Purification of a Recombinant Oncolytic Virus From Clarified Cell Culture Media by Anion Exchange Monolith Chromatography

Troy Rogerson,  Guoling Xi,  Amanda Ampey,  Jon Borman,  Sally Jaroudi,  Dan Pappas,  Thomas Linke

Electrophoresis. 2023; 1– 11.

Abstract:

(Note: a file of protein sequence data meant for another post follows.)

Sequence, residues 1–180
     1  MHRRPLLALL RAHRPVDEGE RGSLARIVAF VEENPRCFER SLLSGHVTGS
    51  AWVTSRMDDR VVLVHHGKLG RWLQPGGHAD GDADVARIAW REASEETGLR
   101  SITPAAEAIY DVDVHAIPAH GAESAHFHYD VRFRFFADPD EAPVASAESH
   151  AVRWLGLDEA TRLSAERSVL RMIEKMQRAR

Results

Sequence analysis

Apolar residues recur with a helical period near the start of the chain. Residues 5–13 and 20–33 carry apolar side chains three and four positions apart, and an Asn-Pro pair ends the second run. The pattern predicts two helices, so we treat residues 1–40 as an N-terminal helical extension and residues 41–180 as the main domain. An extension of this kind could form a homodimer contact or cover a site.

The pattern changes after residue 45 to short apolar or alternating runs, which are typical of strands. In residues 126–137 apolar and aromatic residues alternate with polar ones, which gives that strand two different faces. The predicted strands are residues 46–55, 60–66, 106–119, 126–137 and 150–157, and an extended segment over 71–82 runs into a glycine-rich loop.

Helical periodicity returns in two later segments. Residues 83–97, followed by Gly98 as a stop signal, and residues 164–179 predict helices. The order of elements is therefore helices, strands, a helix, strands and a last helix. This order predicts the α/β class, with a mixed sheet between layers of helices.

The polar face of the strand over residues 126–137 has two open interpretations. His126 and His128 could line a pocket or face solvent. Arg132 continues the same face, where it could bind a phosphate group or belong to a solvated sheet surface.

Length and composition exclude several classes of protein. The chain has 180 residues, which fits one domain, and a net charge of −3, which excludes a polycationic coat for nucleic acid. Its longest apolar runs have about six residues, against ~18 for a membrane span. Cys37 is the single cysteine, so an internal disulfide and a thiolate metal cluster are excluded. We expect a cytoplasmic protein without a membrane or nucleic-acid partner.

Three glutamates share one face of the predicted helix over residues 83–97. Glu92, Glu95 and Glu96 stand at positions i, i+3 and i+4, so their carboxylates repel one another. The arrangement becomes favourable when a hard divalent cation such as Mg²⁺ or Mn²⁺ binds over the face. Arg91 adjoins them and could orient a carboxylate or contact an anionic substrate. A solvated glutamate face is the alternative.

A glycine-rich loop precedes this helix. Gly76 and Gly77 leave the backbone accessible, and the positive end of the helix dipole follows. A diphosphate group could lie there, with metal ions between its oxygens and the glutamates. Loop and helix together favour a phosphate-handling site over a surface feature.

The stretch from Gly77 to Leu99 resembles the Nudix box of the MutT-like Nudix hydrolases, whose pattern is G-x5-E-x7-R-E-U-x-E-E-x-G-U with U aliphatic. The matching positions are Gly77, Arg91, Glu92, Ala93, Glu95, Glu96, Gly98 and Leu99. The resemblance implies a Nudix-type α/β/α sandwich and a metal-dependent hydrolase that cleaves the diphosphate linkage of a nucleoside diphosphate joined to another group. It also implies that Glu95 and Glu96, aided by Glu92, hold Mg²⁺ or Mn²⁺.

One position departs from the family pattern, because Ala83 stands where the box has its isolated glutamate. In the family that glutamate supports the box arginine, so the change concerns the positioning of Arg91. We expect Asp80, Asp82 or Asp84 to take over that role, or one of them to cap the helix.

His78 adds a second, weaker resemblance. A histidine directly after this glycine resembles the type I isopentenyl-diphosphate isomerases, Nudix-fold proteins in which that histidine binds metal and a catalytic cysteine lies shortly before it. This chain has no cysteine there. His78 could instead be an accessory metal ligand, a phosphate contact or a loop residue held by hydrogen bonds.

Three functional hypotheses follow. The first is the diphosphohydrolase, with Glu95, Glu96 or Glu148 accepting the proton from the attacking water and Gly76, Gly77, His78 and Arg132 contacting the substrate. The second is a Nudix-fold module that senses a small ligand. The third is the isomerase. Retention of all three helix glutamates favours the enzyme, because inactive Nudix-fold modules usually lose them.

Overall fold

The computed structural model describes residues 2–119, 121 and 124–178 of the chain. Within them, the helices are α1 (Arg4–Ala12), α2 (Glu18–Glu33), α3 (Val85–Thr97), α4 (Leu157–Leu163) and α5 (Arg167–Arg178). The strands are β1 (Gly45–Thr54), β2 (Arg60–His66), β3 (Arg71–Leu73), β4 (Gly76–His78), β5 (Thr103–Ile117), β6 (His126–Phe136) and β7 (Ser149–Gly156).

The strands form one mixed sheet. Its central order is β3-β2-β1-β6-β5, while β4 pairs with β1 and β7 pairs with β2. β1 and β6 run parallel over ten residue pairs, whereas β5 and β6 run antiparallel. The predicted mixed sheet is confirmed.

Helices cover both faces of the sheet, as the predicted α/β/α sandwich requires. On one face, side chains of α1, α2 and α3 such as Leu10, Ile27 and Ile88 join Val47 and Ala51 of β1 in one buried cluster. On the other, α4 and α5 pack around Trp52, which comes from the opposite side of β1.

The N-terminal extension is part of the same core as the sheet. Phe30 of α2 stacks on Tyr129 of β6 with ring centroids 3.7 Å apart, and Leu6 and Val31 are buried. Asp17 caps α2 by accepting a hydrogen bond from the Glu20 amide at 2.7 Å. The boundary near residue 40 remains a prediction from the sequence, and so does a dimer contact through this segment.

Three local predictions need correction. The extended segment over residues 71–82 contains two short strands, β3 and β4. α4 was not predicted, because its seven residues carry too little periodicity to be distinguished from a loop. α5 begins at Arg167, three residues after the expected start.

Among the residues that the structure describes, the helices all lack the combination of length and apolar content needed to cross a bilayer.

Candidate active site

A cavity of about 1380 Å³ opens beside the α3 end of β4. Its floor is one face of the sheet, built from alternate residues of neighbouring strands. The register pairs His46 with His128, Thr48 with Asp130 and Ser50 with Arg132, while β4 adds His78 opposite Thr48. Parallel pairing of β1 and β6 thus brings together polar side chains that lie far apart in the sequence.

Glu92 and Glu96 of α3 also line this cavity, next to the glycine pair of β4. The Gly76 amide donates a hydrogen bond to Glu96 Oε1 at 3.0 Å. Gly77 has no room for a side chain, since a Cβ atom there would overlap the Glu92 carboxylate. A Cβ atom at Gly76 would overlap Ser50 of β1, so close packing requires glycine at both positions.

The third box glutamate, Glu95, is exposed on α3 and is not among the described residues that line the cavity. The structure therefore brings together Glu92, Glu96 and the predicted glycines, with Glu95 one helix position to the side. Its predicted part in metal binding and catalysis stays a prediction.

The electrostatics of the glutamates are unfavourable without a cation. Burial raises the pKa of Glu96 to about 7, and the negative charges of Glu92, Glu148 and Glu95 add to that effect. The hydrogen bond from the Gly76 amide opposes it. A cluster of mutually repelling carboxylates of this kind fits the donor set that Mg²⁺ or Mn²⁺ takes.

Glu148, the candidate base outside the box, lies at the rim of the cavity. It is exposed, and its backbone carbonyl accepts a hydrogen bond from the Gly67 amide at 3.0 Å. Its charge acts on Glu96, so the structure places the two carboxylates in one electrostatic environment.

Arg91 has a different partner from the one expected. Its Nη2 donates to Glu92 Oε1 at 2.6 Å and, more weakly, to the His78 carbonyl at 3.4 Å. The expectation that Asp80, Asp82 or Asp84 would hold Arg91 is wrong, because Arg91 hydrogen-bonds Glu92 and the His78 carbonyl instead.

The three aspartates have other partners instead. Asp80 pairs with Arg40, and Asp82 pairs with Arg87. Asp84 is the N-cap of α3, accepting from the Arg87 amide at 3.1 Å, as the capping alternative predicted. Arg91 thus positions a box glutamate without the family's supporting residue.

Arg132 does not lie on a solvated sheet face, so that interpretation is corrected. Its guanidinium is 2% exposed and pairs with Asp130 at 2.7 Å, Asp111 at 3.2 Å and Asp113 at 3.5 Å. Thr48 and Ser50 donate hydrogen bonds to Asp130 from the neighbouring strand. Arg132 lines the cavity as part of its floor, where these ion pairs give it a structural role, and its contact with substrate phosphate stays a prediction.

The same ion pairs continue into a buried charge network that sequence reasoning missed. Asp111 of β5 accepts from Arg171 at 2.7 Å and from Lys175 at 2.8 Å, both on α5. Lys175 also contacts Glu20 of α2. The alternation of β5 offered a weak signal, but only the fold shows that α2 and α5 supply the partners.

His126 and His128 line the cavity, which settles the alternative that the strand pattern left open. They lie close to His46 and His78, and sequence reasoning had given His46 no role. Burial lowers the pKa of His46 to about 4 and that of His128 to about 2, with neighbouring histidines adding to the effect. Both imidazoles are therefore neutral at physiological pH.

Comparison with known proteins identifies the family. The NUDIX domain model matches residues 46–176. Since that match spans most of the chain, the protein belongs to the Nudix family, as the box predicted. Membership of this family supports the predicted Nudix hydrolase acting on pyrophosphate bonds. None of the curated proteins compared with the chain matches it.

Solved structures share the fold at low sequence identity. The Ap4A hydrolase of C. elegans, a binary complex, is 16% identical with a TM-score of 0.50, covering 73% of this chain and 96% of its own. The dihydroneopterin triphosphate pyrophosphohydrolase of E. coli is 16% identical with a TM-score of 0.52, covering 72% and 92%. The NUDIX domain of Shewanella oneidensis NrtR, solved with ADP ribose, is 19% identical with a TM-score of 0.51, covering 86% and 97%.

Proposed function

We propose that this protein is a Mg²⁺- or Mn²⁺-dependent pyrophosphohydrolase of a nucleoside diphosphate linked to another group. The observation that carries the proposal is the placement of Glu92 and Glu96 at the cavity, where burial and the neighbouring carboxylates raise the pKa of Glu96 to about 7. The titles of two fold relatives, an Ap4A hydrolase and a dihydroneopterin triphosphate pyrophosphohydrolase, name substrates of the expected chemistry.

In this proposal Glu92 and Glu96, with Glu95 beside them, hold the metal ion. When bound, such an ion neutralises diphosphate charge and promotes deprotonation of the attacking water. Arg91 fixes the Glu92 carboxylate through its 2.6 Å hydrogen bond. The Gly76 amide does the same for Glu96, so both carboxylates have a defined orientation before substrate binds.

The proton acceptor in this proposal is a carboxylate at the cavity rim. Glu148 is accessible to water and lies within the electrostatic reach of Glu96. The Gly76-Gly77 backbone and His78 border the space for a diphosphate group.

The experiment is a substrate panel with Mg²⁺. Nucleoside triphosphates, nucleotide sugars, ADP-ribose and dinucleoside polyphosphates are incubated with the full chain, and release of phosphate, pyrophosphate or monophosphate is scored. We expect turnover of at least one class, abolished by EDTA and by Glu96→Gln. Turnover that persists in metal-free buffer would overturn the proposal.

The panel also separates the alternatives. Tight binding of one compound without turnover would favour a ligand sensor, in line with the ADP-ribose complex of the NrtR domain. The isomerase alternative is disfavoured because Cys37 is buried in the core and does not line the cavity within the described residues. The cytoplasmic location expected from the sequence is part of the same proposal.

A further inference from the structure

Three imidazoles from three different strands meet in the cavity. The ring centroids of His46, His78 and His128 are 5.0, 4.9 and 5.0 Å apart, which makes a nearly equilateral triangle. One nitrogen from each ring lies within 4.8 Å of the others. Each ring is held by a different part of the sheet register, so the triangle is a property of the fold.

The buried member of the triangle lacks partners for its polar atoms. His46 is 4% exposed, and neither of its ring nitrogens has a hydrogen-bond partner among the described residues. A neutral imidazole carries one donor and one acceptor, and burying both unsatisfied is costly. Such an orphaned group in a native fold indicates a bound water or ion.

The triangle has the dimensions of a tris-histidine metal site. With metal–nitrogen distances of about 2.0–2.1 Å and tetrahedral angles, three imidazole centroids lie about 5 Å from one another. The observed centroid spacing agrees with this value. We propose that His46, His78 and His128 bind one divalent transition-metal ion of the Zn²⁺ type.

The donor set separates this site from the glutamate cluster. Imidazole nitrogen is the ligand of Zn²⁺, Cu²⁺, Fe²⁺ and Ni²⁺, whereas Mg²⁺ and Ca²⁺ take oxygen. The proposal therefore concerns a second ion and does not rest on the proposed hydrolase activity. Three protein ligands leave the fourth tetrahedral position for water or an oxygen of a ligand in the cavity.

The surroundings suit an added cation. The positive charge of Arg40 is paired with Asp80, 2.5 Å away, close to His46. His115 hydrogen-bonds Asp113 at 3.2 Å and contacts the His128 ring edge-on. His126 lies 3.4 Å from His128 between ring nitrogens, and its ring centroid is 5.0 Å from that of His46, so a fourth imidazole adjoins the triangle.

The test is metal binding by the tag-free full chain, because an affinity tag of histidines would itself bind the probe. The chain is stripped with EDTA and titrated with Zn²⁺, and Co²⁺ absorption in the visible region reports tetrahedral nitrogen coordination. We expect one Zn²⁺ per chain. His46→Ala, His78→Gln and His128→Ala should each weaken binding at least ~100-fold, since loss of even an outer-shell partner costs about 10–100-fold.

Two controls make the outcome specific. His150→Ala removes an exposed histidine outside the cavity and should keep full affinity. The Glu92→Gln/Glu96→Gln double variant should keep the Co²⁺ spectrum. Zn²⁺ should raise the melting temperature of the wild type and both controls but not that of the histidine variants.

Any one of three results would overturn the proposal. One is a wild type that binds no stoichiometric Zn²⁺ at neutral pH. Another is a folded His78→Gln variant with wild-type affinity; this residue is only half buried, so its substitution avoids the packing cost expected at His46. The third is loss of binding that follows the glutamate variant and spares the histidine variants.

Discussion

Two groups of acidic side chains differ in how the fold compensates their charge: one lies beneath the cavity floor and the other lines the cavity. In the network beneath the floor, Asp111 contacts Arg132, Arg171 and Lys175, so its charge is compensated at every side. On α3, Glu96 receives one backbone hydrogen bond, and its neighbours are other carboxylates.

The use of viral vectors for vaccine, gene therapy, and oncolytic virotherapy applications has received increased attention in recent years. Large-scale purification of viral vector-based biotherapeutics still presents a significant technical challenge. Chromatography is the primary tool for the purification of biomolecules in the biotechnology industry; however, the majority of chromatography resins currently available have been designed for the purification of proteins. In contrast, convective interaction media monoliths are chromatographic supports that have been designed and successfully utilized for the purification of large biomolecules, including viruses, viruslike particles, and plasmids. We present a case study on the development of a purification method for recombinant Newcastle disease virus directly from clarified cell culture media using strong anion exchange monolith technology (CIMmultus QA). Resin screening studies showed at least 10 times higher dynamic binding capacity of CIMmultus QA compared to traditional anion exchange chromatography resins. Design of experiments was used to demonstrate a robust operating window for the purification of recombinant virus directly from clarified cell culture without any further pH or conductivity adjustment of the load material. The capture step was successfully scaled up from 1 mL CIMmultus QA columns to the 8 L column scale and achieved a greater than 30-fold reduction in process volume. Compared to the load material, total host cell proteins were reduced by more than 76%, and residual host cell DNA by more than 57% in the elution pool, respectively. Direct loading of clarified cell culture onto a high-capacity monolith stationary phase makes convective flow chromatography an attractive alternative to centrifugation or TFF-based virus purification procedures.

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